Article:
If we want to capture gene expression dynamics and distributions reported by fluorescence, we need to create a chemostat that provide a near-constant environment for the growth of bacteria. The near-constant environment mainly includes two aspects: continuous fresh media to ensure the optimum growth state and constant small populations of bacteria to ensure single-cell resolution in observation. Steady growth state is needed because the oscillation curve is expected to be a near simple harmonic one. Besides, bacteria tend to form biofilm which will lead to the overlapping of cells and create a false impression that the fluorescence increases, and that's why we have to prevent this to maintain a constant bacteria population with single-cell resolution.

What we mentioned above might have covered all aspects we need to consider for communication in a single colony, but if we still want to observe the coupling between colonies we have to create an array that contains many colonies and allows H2O2 to pass through freely.

Among many different techniques, microfluidic array seems to be our best choice with following advantages:
1) Precisely control of flowing rate and cell populations when equipped with syringe pumps;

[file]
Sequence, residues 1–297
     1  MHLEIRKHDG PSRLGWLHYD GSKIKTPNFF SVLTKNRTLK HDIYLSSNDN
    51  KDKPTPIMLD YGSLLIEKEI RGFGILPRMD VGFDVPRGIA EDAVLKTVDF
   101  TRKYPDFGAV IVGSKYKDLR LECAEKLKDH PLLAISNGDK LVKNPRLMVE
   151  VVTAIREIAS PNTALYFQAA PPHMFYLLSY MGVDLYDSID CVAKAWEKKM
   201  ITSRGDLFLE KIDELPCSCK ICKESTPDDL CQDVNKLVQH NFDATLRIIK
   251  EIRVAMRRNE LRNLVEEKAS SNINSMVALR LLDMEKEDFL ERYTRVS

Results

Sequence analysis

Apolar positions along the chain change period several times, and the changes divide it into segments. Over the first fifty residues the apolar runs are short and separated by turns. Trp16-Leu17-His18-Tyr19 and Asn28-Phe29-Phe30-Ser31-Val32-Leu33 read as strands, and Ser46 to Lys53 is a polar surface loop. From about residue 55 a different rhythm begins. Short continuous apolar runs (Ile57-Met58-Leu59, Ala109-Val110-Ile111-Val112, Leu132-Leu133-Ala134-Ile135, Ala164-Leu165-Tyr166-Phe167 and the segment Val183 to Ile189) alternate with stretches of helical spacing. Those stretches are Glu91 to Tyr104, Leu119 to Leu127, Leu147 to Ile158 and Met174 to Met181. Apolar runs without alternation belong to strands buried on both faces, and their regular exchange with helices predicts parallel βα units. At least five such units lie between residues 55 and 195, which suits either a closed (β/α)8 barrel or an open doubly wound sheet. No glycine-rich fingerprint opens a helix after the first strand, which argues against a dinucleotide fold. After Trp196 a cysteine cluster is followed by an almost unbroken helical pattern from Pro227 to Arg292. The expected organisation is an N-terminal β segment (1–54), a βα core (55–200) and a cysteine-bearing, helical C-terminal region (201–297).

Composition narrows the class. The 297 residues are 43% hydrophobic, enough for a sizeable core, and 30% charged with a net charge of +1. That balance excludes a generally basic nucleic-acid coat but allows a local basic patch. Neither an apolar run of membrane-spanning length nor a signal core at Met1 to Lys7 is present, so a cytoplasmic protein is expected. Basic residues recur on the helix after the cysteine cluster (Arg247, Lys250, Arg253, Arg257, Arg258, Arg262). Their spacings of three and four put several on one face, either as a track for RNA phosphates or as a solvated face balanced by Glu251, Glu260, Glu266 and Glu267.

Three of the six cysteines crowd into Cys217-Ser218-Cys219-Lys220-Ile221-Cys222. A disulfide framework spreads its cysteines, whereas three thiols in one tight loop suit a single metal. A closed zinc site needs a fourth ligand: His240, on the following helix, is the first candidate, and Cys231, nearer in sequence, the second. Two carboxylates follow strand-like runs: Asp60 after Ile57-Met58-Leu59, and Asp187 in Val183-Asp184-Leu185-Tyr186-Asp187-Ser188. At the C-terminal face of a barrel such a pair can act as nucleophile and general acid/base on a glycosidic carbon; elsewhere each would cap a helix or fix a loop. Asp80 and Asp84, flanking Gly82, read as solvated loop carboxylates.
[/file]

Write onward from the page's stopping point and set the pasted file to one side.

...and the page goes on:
2) Cells behavior including fluorescence strength can be captured by high resolution microscopy;
3) Trap numbers and dimensions can be adapted to different experimental need;
4) Productive: fewer resources and less time are required when compared with macroscopic cultures.

Design of Microfluidic Array

1.Pretests in "Swimming Pool"

Before our experiments on the microfluidic array we described before, a series of pretests were done on a chip whose structure looks like many swimming pool on the ground (Fig. 3-1).

Fig. 3-1 A "Swimming pool" chip in black field; those white squares (100μm×100μm×100μm) are chambers for bacteria

From the sketch (Fig. 3-2) we can see that the chamber is like a swimming pool where bacteria swim happily in the fresh LB that running from up above, and newly generated cells would be washed away.

Fig. 3-2 Diagram for swimming pool model's working mechanism